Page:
4. Pick things that you actually want to journal.
So you’ve cut it down to three, four, thirty things that look good to you. Where to start? Like any hobby, you want it to apply to you as best as possible. The rule is this: pick something that is of interest to you, and that you know you would have purpose in using. I’m not going to mock up a tally of best sport scores in golf for 2017; I would drop that like a sack of potatoes within a day. But there are ones that catch my eye, like pages for reading goals and house plans. I started with these two, and it keeps me interested enough to keep using them. (Although, I have accidentally dated my book record as 2016… first date error for the year!)
5. Keep it simple and don’t put pressure on yourself.
It’s always good to have a challenge, but when you’re first starting a new hobby, it’s good to start slow, simple and commit to one thing at a time. Don’t stress about fancy lettering, or if you can draw, or if it’s going to look good or perfect or terrible. Just start small. Once you’ve finished one page, pick another one and start the next one.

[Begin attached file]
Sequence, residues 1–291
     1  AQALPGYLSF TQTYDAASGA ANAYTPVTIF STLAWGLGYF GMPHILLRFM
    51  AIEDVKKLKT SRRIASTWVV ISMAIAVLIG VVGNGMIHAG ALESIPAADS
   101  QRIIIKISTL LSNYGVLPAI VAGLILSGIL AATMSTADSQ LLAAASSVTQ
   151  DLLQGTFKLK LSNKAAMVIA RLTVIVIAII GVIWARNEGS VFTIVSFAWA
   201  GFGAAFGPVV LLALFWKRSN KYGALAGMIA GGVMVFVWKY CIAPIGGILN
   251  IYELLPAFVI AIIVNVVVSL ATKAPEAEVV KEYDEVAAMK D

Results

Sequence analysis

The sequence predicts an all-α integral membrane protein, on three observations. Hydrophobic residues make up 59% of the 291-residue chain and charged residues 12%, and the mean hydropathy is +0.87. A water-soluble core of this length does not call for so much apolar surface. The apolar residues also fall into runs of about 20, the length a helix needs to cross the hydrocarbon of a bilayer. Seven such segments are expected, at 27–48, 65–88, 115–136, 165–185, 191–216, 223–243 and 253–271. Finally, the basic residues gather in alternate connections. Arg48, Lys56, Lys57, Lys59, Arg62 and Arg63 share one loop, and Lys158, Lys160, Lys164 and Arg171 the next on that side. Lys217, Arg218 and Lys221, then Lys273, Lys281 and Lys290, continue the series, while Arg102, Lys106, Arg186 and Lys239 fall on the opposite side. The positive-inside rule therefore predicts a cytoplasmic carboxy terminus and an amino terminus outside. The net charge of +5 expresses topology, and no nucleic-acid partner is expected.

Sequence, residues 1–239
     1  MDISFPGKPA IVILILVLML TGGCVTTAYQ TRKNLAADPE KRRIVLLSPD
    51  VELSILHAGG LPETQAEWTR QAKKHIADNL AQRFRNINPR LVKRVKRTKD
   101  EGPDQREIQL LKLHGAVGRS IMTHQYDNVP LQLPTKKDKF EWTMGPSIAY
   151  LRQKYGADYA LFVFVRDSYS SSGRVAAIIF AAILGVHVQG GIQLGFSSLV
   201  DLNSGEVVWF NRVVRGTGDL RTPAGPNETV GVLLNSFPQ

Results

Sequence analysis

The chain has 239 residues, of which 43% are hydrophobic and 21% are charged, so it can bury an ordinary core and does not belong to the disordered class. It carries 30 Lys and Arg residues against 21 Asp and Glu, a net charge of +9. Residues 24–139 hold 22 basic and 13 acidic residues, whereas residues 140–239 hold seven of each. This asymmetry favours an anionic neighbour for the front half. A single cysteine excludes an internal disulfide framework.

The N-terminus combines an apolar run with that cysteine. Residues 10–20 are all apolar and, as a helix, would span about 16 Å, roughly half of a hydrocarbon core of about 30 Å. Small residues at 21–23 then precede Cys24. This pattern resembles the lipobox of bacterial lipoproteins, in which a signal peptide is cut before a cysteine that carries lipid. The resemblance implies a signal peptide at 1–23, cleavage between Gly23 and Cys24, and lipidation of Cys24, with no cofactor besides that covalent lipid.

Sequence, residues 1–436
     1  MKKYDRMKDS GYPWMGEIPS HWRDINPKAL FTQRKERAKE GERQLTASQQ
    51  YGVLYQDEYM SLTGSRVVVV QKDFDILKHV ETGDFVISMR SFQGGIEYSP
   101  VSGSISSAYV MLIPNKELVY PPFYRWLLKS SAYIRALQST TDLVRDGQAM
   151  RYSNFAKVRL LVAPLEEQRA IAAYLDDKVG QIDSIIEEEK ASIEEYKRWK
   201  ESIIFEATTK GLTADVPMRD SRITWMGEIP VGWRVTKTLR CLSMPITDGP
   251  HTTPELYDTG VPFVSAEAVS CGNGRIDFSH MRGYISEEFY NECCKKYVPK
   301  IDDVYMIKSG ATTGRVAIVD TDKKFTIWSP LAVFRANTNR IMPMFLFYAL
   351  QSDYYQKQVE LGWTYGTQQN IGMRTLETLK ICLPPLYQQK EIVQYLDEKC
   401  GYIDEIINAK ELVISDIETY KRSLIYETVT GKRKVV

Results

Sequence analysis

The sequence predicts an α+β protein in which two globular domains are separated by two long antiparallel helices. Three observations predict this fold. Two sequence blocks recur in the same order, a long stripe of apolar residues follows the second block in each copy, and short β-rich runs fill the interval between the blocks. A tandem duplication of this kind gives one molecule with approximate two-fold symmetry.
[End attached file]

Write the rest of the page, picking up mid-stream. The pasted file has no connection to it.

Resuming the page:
If you start one and you don’t like it, stop and start the next one! No one is holding you at gun point or on a time limit. Don’t spend too much time comparing. Your hobby, your work, in Bullet Journaling is a journey and if it’s not enjoyable, don’t do it! Hobbies have the purpose of being fun, relaxing and should benefit you. If you are just getting worked up or doing it because you have to, it will become another chore on your list and you possibly won’t stick it out.
From there, the world is your oyster! There are literally thousands and thousands of ways you can journal and new ideas are being created every day. Once you feel like you have the hang of your journal and you want to progress further, you can look at other fun elements like drawing, lettering, scrapbooking (people have an amazing talent for post-it notes and washi tape!) – or, just stick to the basics if it is what works for you!
I hope these tips have helped you out. As you can see from my simple pictures, I’m still in early learning stages. But I am really enjoying a new way of writing and setting goals, while recording my year to look back on later. Feel free to share any further tips below for us newbies, or link us to your inspiration!